Jerry Bennet speaks at the first Business after Business event held on March 27th, at the Silver Spur in Troy. Photo by Brian Baxter, The Montanian
By Brian Baxter
“Tomorrow is the most important thing in life. It comes into us at midnight very clean. It is perfect when arrives and puts itself in our hands. It hopes we have learned something from yesterday.” With this quote by none other than John Wayne, Troy Commissioner Jerry Bennett presented his program in the John Wayne room of The Silver Spur restaurant in Troy on March 27th.
Mr. Bennett’s presentation was focused on sharing how Lincoln County is helping support Troy’s economic future. The speaker is a third generation Montanian, whose grandfather cross cut timber for the old J. Neil’s Timber Company, and Jerry also worked logging, contracted with St. Regis Paper Company, and worked locally in the mining industry. Him and his wife now run JMF Services Company in Libby.
The Commissioners talk centered around three main themes. First, he mentioned that where we have been includes the observation that location wise, we sit in an area of some of the richest copper and silver deposits in the world. Mr. Bennett mentioned that in the 1980’s Lincoln County had the best wages in the state of Montana. The mines were going strong and the county showed over five million dollars per year in timber receipts. Jerry still sees logging and mining as viable for the Troy and Libby areas, as well as Sanders County. The speakers view on where we stand now, included a need for housing and a well trained work force. Also, that our area requires adequate internet capabilities, and showed some optimism for potential of working with Interbell of Eureka in this aspect. As far as where we are going, Mr. Bennett related that he and others are working on broadband internet updates, coordinating with Three Rivers District of the U.S. Forest Service in Troy on looking into increased timber opportunities, and following the Hecla mining companies discussions with local entities closely. Jerry then mentioned he is very grateful that our beloved County Administrator Darren Coldwell is home now, and will be back to work soon.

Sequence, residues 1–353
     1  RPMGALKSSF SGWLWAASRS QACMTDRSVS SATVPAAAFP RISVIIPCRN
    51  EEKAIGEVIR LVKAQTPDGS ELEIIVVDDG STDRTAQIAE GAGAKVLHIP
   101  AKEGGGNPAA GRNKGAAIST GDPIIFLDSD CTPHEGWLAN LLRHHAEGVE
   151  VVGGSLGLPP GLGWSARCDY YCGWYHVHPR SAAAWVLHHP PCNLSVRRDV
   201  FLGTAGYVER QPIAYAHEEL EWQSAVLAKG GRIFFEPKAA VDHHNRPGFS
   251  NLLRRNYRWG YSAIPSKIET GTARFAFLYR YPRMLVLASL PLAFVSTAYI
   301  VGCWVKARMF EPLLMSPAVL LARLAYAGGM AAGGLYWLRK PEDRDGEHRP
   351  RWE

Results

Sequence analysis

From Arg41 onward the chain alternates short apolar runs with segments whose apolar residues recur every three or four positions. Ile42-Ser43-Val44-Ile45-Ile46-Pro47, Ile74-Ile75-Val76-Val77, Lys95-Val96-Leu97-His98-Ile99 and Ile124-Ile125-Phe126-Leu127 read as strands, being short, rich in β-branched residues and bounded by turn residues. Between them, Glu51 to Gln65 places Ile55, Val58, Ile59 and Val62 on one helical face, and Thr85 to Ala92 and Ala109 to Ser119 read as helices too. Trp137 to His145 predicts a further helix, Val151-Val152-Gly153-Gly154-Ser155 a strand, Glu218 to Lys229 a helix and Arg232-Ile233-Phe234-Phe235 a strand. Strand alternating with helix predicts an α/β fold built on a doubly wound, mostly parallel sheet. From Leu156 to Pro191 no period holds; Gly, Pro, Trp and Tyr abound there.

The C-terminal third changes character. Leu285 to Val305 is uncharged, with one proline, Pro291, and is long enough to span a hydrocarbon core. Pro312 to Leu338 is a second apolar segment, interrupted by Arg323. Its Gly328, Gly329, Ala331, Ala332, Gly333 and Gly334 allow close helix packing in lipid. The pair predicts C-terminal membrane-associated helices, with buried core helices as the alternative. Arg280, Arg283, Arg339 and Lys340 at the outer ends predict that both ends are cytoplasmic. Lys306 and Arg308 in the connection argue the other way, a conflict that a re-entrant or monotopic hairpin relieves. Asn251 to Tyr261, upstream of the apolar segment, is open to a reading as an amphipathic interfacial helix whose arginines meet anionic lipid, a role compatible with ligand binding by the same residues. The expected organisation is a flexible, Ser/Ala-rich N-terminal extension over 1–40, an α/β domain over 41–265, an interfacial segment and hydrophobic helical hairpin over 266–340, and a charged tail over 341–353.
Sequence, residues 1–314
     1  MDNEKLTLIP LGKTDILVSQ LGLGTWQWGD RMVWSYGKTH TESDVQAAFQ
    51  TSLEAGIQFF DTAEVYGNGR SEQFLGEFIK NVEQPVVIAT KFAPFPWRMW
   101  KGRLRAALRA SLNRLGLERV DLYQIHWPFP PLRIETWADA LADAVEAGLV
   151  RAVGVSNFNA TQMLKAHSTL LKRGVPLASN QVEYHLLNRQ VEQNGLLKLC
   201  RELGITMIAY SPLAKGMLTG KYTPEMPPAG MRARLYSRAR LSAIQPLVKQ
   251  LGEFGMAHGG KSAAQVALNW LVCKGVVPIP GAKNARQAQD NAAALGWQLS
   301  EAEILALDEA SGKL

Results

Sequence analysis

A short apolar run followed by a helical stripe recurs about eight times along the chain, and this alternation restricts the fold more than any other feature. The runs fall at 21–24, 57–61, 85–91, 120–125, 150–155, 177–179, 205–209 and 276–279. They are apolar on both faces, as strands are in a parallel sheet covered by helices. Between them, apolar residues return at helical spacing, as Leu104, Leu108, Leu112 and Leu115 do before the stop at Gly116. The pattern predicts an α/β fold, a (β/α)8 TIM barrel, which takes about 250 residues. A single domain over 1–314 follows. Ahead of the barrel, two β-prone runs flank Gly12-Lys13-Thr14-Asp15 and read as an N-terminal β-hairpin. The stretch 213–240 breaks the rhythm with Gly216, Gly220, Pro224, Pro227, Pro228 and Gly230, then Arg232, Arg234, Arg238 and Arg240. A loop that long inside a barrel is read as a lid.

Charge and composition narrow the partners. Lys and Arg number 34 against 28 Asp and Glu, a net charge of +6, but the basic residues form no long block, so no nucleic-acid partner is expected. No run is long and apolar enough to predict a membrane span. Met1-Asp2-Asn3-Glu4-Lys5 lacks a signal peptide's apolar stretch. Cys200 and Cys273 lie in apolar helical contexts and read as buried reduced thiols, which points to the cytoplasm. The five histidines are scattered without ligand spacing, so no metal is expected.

The folks at the Troy Chamber of Commerce are very excited that they will have an official physical home location. The building will be located behind the Troy Museum and Visitors Center. The cottage style building should be on the site as soon as weather conditions allow. The unfinished interior will need to be completed by chamber volunteers, like Libby Electric who will be installing the wiring, to make it a usable place to distribute Chamber of Commerce welcome packets and information. After the building interior is completed this spring, the chamber will rely on volunteer staff to open the doors. This will be an excellent opportunity to promote our local business community. Newly appointed Treasurer Sharee Miller said “The new building is another step in building the positive momentum the Troy Chamber and Troy City is taking. Tonights dinner demonstrates the excitement and willingness of Troy residents to get involved in making Troy’s economy stronger. It makes me happy to be involved.”
Troy City Councilwoman Shawna Kelsey briefly mentioned the positive aspects of Troy being selected as part of the Main Street Montana Project, and will have more information coming soon on that note. She also mentioned the City Council’s work focused on improvements to the airport trail. Additionally, Shawna mentioned ongoing work they are doing to address housing issues, and a forthcoming document on Troy’s needs that will be completed in a short while.
When asked by this reporter for her take on the evening meeting, Chera Cole of the Montana Department of Labor and Industry Job Service of Libby stated, “It is encouraging to see so many new businesses taking an interest and getting involved with the Troy Chamber. I am excited to see how this year unfolds.”